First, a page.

Systemic and Ophthalmic Manifestations of West Nile Virus Infection

Yos Priestley; Marcia Thiel; Steven B. Koevary


Expert Rev Ophthalmol. 2008;3(3):279-292. 

In This Article

Immune Response to the Virus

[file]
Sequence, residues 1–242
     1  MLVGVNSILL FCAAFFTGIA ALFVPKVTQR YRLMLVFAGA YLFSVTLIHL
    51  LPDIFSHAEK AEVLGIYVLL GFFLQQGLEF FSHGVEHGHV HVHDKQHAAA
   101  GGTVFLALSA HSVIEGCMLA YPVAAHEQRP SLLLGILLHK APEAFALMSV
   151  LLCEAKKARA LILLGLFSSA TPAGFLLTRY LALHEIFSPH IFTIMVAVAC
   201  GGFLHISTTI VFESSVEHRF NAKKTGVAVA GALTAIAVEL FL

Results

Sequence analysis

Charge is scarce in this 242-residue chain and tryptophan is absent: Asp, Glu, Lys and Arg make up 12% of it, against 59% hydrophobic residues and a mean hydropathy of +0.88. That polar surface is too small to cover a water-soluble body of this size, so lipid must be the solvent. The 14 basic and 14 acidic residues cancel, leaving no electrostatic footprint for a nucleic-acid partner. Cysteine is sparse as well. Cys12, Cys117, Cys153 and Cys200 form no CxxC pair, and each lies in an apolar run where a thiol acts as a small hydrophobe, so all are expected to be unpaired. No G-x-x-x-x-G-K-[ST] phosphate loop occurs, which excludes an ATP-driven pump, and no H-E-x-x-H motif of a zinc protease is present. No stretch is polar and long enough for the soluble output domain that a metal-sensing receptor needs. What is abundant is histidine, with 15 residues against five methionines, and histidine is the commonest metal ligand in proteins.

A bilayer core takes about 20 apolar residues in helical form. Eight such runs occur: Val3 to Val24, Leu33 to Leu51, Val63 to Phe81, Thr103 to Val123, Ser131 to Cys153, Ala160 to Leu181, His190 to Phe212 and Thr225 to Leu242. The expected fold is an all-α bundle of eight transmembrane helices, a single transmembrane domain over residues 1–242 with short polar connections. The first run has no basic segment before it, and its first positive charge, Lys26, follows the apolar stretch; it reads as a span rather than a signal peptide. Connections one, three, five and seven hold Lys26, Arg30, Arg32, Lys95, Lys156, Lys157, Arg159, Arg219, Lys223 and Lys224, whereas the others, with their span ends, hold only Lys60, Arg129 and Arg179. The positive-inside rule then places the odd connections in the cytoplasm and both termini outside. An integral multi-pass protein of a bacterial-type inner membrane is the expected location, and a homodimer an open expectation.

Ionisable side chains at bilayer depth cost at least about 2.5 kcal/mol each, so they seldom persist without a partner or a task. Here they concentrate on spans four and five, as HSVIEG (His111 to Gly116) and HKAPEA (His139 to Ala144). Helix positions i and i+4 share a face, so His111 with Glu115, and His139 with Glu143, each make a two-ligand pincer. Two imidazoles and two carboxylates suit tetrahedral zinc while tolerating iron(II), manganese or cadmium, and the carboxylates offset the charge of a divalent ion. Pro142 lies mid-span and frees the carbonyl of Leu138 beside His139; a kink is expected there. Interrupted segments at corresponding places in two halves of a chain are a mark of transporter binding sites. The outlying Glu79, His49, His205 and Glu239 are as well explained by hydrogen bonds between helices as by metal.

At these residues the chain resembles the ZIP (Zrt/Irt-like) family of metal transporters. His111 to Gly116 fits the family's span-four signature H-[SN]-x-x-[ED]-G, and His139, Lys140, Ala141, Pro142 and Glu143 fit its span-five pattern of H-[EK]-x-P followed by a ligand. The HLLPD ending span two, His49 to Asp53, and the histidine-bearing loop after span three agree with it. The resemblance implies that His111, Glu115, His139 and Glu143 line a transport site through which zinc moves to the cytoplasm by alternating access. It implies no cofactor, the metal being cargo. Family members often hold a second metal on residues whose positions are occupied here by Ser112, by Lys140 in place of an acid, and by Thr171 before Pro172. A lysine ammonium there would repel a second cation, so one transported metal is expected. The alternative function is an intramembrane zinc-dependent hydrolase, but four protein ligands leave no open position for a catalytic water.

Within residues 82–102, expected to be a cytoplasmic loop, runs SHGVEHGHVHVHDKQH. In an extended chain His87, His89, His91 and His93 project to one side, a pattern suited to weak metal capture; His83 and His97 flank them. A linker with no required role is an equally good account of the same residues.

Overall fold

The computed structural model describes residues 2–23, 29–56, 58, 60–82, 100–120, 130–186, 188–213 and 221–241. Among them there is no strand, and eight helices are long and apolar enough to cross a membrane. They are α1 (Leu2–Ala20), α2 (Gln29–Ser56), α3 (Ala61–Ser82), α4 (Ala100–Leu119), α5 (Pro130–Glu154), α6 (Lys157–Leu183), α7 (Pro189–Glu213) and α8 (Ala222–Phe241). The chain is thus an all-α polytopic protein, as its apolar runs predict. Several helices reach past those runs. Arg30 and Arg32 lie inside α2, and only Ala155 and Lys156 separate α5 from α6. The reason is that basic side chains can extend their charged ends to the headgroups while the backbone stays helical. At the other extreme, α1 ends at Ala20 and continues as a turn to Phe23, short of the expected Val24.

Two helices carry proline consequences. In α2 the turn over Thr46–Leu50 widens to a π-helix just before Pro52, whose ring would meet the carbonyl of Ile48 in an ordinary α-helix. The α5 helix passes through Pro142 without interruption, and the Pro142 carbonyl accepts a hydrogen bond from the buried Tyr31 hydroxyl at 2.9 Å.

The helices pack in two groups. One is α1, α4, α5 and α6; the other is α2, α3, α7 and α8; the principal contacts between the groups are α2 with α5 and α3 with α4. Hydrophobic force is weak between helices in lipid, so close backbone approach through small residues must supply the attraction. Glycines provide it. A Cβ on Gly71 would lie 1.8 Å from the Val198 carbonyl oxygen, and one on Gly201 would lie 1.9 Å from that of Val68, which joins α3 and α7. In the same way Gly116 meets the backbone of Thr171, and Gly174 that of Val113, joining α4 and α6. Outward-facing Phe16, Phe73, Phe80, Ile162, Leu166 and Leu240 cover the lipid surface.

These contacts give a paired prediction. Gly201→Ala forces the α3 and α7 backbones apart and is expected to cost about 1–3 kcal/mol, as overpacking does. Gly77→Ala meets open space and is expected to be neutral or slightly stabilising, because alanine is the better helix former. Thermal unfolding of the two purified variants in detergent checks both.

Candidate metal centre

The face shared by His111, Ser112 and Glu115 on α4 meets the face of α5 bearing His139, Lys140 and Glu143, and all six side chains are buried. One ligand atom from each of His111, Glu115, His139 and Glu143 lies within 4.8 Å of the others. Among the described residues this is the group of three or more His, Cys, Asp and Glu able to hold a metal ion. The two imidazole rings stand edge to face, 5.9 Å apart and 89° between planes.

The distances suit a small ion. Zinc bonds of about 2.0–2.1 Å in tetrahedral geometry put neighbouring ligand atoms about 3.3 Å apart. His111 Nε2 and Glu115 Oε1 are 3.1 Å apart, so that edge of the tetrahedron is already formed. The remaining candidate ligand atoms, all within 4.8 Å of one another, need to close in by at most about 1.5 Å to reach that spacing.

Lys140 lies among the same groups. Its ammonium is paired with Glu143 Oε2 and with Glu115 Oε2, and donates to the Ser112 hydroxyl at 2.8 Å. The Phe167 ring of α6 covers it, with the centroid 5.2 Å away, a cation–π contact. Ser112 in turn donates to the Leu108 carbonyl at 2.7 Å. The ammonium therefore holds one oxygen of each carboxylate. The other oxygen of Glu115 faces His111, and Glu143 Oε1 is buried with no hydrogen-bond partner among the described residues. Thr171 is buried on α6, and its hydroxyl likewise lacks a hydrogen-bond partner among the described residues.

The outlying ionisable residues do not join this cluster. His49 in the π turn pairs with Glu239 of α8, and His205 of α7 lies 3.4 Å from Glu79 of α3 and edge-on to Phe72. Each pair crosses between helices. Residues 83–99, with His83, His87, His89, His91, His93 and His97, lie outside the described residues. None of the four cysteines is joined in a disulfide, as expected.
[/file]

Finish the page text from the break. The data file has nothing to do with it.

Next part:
Data suggest that antibody, T-cell, dendritic cell and macrophage responses play important roles in anti-WNV immunity.[22] In fact, it is the replication of the virus in dendritic cells at the site of inoculation and its spread from there to regional lymph nodes that is thought to be the mode of establishment of infection in the body.[23] The binding of double-stranded WNV RNA to Toll-like receptor-3, resulting in the upregulation of TNF-α production and a subsequent increase in blood-brain barrier permeability, appears to play a role in viral penetration into the CNS.[24] The importance of antibodies was made clear in B cell-deficient mice that uniformly died after WNV infection but were protected by passive transfer of immune sera.[25] Consistent with an important role for T cells, it was reported that individuals with hematologic malignancies and impaired T-cell function had an increased risk of developing neuroinvasive WNV infection.[22] Fredericksen et al. reported that WNV induced the expression of IFN-ß and several IFN-stimulated genes late in infection of cultured human cells but that despite this host response, it was still able to replicate efficiently.[26] The foregoing notwithstanding, more recent data suggest that WNV induces an antiviral state in retinal pigment epithelium (RPE) cells by a mechanism that seems to employ the IFN signaling pathway.[27] Interestingly, through an unknown mechanism, flavivirus nonstructural proteins were reported to suppress host antiviral immune responses.[28]


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